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Bush Environmental Laws: Not based in science or law

10/06/04 | by david2 [mail] | Categories: General
It was fairly obvious what the Bush administration was up to when they canceled the New Source Review laws.

I've been continually interested in how the cancellation happens. The old rules are cancelled after being called inefficient. Then new rules either are not put into place, or if they are, the result is a significant increase in pollution.

In this particular case, the New Source rules were defanged by raising the level of 'upgrade' needed before they'd be triggered.

It used to be that spending 5% or more of the value of a power station for maintainence would invoke the rules calling for pollution expenditures on pollution control at that plant.

That 5% threshold was increased by so much that as long as the power companies didn't replace the station entirely, they could do pretty much what they wanted to without invoking the New Source Review rules.

The end result was a reduction in the amount spent on pollution control. Not only that, but the rules had a side-effect of hamstringing many of the existing prosecutions already underway.

In this editorial we find out from a congressional report just what the Bush Administration said wouldn't happen has happened.

In June 2002, for instance, Jeffrey Holmstead, an assistant E.P.A. administrator and the main architect of the new rule, told the Senate that he had been assured by the "enforcement folks" at his agency and the Justice Department that there would not be a "negative impact on enforcement cases."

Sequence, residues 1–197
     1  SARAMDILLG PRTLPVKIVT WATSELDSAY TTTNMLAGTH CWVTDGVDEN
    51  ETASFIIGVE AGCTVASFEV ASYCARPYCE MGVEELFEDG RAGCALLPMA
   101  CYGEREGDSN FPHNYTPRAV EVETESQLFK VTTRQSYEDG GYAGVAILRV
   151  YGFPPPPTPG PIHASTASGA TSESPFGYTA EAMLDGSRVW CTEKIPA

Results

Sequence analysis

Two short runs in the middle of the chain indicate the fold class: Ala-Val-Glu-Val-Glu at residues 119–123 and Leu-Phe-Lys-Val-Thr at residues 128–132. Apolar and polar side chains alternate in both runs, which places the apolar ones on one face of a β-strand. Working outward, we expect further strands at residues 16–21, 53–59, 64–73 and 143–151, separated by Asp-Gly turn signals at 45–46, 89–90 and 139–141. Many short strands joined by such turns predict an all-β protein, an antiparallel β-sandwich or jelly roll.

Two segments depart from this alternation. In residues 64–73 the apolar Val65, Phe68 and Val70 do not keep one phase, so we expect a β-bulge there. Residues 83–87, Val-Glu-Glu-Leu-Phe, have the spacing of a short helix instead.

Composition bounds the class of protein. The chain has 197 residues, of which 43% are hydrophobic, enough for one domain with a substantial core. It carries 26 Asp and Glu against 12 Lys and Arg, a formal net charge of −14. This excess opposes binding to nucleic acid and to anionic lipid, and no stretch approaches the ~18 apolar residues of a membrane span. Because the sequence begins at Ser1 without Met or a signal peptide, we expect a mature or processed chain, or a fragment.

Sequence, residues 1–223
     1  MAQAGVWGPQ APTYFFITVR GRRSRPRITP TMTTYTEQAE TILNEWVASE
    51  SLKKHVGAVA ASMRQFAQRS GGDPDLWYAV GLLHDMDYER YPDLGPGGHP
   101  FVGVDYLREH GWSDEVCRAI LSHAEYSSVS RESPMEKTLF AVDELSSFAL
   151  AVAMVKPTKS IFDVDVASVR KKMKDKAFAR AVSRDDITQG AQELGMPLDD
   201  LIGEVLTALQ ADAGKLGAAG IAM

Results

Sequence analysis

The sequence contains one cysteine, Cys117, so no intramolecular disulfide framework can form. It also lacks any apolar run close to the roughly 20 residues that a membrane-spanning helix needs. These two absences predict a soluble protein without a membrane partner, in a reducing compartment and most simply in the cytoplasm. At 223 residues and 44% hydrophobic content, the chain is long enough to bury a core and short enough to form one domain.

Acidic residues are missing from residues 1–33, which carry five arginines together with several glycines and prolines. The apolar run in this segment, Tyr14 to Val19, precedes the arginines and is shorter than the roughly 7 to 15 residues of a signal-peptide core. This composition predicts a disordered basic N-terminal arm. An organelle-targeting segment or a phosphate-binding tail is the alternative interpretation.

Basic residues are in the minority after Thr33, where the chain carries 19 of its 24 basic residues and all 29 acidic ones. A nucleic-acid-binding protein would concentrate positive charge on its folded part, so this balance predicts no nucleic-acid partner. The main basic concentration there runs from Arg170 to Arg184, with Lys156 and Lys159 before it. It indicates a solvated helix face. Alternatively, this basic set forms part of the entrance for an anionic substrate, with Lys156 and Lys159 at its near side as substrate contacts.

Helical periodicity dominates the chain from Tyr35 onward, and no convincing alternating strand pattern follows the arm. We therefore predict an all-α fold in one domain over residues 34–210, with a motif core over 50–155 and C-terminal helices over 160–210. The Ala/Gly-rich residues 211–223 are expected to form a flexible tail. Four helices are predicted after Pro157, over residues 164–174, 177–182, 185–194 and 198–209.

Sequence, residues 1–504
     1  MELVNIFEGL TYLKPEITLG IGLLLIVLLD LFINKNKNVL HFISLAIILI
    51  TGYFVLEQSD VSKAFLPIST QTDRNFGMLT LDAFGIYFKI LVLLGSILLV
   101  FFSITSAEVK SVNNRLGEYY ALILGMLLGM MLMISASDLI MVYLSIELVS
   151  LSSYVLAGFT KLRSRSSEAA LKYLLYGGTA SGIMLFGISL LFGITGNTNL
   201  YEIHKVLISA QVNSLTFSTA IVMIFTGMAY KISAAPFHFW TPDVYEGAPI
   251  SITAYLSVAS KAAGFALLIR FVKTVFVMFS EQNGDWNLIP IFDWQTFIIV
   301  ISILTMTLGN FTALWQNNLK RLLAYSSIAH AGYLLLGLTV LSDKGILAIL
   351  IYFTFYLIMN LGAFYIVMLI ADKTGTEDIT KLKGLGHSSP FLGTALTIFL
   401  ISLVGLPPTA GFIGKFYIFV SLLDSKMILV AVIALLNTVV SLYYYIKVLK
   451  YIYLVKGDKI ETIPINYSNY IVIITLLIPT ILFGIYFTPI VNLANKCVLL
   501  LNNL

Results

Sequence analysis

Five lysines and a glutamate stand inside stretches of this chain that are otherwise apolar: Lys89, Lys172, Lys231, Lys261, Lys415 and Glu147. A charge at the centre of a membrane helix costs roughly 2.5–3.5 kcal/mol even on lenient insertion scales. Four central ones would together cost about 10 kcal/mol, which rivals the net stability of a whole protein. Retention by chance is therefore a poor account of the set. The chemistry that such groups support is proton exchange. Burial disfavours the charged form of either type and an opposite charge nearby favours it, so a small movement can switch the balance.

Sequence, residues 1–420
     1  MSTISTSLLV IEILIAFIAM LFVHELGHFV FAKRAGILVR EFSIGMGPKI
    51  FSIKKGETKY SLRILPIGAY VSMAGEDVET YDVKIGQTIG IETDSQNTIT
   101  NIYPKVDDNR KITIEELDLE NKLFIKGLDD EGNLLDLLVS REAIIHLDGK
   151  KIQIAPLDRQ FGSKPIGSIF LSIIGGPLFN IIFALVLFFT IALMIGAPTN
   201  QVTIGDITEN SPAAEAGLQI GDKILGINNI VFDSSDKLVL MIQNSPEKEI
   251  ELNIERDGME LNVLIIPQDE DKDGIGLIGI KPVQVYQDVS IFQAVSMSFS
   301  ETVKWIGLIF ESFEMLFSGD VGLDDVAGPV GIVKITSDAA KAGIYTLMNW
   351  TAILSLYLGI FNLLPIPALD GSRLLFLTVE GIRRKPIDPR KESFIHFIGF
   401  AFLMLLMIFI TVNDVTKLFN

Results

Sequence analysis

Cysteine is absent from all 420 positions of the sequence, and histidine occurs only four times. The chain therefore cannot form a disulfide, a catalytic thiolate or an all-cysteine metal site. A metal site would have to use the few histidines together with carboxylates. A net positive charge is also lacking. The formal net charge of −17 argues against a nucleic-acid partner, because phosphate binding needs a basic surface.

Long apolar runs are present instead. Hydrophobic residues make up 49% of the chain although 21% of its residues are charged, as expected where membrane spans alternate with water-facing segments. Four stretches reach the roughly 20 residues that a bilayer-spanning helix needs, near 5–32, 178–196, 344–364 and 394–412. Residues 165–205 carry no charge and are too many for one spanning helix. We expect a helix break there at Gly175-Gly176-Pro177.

Suspecting otherwise - and suspecting Mr. Holmstead knew better - Senator Patrick Leahy of Vermont ordered an internal investigation, which Ms. Tinsley has now produced. It confirms Mr. Leahy's worst fears. Even though the Northeastern states, as well as advocacy groups like the Natural Resources Defense Council, have temporarily blocked the new rule in court, its looming presence has badly undermined the government's ability to enforce old cases, let alone pursue new ones - exactly what the "enforcement folks" predicted from the start. More broadly, Ms. Tinsley said she could find no basis for the new rule in science or law, and urged her superiors to restore the old one.

I'm wondering this: If the true intent of these changes was to relax things for the power industry which would (and has) resulted in greater and extended levels of pollution, and if this had valid reasoning behind it, then why didn't they simply represent their case this way?

By hiding behind words like 'increased efficiency' they're implicitly suggesting that their true justifications need hiding from the public, leading to the (not unreasonable) charge that they've got something to hide.

If increasing profits for power companies at the expense of the environment is your objective, and if this is a valid and reasonable thing to do, they why not simply say that and lay out the justifications and reasons for everyone to see?

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